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Bronchoscopy in Bronchial Foreign Body Removal in Dogs

2014
13
NOV

Bronchial foreign body is a differential diagnosis in dogs presenting with a history of an acute or chronic cough. Most bronchial foreign bodies are located within the right bronchial ramification and have a tendency to move deeper or migrate throughout pulmonary parenchyma to surrounding tissues and organs. About 30% of bronchial foreign bodies can be missed using the radiography for detection. At present thoracic CT and bronchoscopy seem the most sensitive diagnostic modalities, later allowing also the removal of the foreign body. Bronchoscopy was demonstrated to be useful in removing foreign bodies despite the size of the animal and the duration of clinical signs. It also presents an excellent non-invasive alternative to surgical management..

History

The patient was a 3 year old, male neutered SBT cross with a 3 week history of chronic productive coughing, lethargy and partial anorexia. Several chest radiographs were taken which did not show any significant abnormalities. Blood results were unremarkable and faecal examination negative for lungworms. Bronchoscopy was performed and a foreign body at the level of the right main stem bronchus was found. The foreign body could not be removed during the bronchoscopy so the dog was started on antibiotic therapy and referred to our hospital.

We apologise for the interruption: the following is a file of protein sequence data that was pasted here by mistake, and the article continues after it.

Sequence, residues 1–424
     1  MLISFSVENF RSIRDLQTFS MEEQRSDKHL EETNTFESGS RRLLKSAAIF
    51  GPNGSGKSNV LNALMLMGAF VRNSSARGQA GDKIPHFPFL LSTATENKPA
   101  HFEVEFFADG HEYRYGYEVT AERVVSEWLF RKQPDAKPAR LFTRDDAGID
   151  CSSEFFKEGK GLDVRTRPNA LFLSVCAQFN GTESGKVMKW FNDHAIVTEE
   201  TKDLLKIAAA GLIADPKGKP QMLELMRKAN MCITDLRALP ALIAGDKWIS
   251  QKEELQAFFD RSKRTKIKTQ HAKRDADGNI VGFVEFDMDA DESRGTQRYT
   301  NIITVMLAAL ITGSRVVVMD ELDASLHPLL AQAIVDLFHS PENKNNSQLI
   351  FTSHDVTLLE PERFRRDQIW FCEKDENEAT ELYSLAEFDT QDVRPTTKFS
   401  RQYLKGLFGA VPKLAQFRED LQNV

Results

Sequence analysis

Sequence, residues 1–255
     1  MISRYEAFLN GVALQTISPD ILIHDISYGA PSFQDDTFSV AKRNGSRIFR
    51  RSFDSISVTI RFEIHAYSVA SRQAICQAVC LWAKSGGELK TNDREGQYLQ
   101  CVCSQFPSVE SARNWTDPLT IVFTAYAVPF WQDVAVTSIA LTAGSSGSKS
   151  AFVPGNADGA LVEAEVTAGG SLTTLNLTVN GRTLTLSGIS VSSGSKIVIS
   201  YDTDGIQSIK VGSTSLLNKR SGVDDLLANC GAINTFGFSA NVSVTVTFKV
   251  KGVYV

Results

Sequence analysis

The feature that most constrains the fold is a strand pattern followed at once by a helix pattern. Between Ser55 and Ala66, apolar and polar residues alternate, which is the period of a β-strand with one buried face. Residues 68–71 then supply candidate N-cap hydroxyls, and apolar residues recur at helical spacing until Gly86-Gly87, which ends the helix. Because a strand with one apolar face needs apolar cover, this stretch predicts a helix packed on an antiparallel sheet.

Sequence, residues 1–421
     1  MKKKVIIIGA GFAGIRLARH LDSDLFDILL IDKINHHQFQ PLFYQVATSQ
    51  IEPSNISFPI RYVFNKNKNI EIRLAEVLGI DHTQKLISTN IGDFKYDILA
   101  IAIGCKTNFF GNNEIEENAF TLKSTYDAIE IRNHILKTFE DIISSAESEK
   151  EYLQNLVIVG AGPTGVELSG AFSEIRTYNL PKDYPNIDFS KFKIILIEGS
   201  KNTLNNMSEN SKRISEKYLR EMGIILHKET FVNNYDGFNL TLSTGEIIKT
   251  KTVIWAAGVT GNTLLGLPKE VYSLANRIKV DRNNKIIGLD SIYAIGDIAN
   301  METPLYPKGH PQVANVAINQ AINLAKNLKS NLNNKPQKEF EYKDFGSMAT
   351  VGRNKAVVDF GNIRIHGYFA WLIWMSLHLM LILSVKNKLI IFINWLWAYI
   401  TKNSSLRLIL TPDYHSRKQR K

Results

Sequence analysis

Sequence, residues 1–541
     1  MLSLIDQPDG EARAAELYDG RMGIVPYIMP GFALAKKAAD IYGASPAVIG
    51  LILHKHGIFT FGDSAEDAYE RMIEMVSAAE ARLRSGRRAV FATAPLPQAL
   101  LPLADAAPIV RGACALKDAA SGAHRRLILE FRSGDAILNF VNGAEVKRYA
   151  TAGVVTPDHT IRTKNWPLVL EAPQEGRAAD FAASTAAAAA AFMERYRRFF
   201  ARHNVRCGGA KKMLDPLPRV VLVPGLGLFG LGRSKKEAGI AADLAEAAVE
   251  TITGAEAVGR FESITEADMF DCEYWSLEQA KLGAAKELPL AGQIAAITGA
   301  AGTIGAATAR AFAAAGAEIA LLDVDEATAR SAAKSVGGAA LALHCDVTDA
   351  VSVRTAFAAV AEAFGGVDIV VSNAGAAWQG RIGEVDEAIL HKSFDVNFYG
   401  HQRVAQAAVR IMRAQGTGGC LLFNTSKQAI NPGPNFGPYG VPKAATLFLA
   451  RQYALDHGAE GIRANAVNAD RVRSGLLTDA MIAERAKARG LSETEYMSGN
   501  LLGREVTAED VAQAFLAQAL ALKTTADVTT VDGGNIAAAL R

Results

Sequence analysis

On presentation to the internal medicine department

On physical examination the dog was calm, febrile (39.5°C) and coughed several times during the examination. The rest of the physical examination was unremarkable.

Further diagnostics and treatment

In order to evaluate the exact location and the size of the foreign body and aid decision-making (medical or surgical management), a CT was performed revealing foreign body at the level of the right main stem bronchus. Bronchoscopy was performed and prior to foreign body removal, the non-affected and the affected airways were thoroughly examined and a BAL performed. 

Multiple foreign bodies were successfully removed (grass awns/seeds). Due to pronounced regional swelling of the tissue and the presence of large amounts of mucopurulent discharge a thorough examination of the affected site for further foreign bodies and to evaluate the extent of the local site inflammation, was not possible. 

Bronchial washes were sent for cytological examination, culture and sensitivity. Results indicated purulent inflammation although no bacteria were present on cytology slides or cultures.  Antibiotics were continued and the dog was discharged after 4 days of hospitalisation. 

The dog was re examined 2 weeks after discharge and was found to be generally well and the frequency of coughing substantially decreased but was still present. Physical examination was unremarkable. Given the disseminated nature of the foreign body and the fact that post removal detailed examination of the affected site was not possible, a control CT was performed. No foreign bodies were detected but local inflammation and local dilation of affected bronchus remained. Antibiotic treatment was extended for 2 weeks and the dog is currently scheduled for a repeat examination.  

 

Fig 1
Bronchial Foreign Body

 

Bronchial foreign body

Fig 2
CT image of the bronchial foreign body with the surrounding localized bronchopneumonia

 

CT image at 2 week re examination

Fig 3
CT image at 2 week re examination

 

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Edison Business Park
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Swindon
Wiltshire
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